Wednesday, September 23, 2015

Oil prices fall on downbeat Chinese manufacturing data

Oil prices slid on Wednesday after disappointing Chinese manufacturing data added to mounting concerns about the economy of the world’s second-biggest crude buyer.

On the New York Mercantile Exchange, light, sweet crude futures for delivery in November CLX5, +0.80%  traded at $46.12 a barrel, down $0.24 in the Globex electronic session. November Brent crude LCOX5, +0.45%  on London’s ICE Futures exchange fell $0.32 to $48.76 a barrel.

Nymex crude prices are down roughly 7% month-to-date while Brent is down 9.4% in the same period.

An early reading from Caixin Media Co. and research firm Markit Ltd. showed Chinese manufacturing activity fell to a six-and-a-half year low of 47.0 in September from a final reading of 47.3 in August.

A reading above 50 indicates expansion from the previous month, while a reading below that indicates contraction.

Asian markets reacted negatively to the data. The Hang Seng Index HSI, -2.26%   was down 2.1% while the Shanghai Composite Index SHCOMP, -2.19%  lost 1.3%. Australia’s S&P ASX 200 XJO, -2.07%  fell 1.5% and South Korea’s Kospi SEU, -1.89%  slipped 1%.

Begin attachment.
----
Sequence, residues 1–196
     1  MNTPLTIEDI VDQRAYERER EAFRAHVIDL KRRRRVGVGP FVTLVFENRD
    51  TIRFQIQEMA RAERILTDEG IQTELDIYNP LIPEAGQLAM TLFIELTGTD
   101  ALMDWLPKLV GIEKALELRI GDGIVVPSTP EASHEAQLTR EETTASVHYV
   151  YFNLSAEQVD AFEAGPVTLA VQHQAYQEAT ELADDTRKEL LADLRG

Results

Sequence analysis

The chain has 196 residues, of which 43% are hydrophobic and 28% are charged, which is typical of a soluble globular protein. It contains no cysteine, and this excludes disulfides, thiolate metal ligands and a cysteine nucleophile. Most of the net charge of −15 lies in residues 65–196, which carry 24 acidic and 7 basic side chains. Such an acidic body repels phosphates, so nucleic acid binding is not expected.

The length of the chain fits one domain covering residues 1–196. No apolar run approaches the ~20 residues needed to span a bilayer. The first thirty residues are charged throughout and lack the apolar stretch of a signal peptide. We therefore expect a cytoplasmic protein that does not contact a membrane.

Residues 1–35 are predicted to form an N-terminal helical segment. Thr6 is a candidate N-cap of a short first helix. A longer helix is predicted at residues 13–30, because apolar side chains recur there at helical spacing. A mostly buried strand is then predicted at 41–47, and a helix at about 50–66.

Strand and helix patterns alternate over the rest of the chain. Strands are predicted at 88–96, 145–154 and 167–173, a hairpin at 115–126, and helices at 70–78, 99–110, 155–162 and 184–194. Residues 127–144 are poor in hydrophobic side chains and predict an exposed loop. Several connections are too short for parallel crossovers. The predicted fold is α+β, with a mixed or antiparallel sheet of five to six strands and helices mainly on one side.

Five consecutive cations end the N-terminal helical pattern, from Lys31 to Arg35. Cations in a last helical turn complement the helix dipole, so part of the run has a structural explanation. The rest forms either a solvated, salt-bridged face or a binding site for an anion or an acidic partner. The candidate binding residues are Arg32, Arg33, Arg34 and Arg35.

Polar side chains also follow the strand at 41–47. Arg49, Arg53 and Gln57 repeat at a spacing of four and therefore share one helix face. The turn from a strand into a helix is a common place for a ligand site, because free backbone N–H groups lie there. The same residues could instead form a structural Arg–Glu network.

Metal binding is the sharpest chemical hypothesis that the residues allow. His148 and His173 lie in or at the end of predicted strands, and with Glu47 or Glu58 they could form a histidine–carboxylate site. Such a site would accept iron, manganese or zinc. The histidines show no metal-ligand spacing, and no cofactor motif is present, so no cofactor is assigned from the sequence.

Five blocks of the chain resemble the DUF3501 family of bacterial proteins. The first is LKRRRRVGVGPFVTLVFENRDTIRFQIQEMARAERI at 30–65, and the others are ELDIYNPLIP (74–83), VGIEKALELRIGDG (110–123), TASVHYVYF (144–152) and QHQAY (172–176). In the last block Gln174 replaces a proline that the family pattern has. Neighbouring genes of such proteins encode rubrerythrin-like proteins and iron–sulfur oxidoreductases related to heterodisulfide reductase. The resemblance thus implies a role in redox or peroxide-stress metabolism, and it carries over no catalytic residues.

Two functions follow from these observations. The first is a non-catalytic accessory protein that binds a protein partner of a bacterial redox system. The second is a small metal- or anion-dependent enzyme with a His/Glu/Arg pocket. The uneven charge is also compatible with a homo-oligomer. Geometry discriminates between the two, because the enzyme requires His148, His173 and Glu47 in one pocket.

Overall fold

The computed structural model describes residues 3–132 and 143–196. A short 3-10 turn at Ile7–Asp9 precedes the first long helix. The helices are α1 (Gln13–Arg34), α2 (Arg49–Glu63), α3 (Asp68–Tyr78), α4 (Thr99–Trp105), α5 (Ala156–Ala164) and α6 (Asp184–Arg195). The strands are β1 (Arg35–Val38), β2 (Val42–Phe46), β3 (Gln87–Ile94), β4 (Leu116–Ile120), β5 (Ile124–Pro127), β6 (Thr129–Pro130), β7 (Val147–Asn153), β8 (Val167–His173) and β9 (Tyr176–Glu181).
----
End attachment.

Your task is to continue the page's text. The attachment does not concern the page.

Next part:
Capital Economics said that while China’s weaker-than-expected manufacturing numbers added to worries over Chinese growth, broader economic indicators don’t point to a deepening economic crisis just yet. “With most of the key leading indicators such as fiscal spending and credit growth now looking supportive, we continue to expect a cyclical recovery in economic activity over the coming quarters,” the research firm said.

Oil prices, along with the overall commodities sector, have been increasingly sensitive to any negative news on China’s economy in recent weeks, and market sentiment has capped price gains.

“The data underscores the possibility of a hard landing in China, but the recent declines in U.S. crude supply are lending some support to market,” said Virendra Chauhan, an oil analyst at Energy Aspects.

Late Tuesday, the American Petroleum Institute’s latest report showed crude-oil stocks in the U.S. declined 3.7 million barrels for the week ended September 18. While this is sharper than expected and is temporarily supportive for oil prices, traders are monitoring the official Department of Energy data slated for release later Wednesday.

Estimates from 13 analysts surveyed by the Wall Street Journal showed that U.S. oil inventories are projected to have fallen by 100,000 barrels, on average, in the same week. Seven analysts expect stockpiles to fall, while six expect a rise. Forecasts range from a rise of 3.3 million barrels to a drop of 3 million barrels.

Oil prices have been in a prolonged slump since last summer and many in the industry forecast a “lower for longer” scenario on continued oversupply concerns, which have been exacerbated by the expected return of Iranian oil to the market as early as next year.

“Assuming an extra 0.5 million barrels per day in Iranian supply on top of recent Organization of Petroleum Exporting Countries production, combined with some weaker seasonal demand in the first half of 2016...surplus could expand to 2 million barrels in the second quarter of 2016 before shrinking again,” said Tim Evans, an energy analyst at Citi Futures.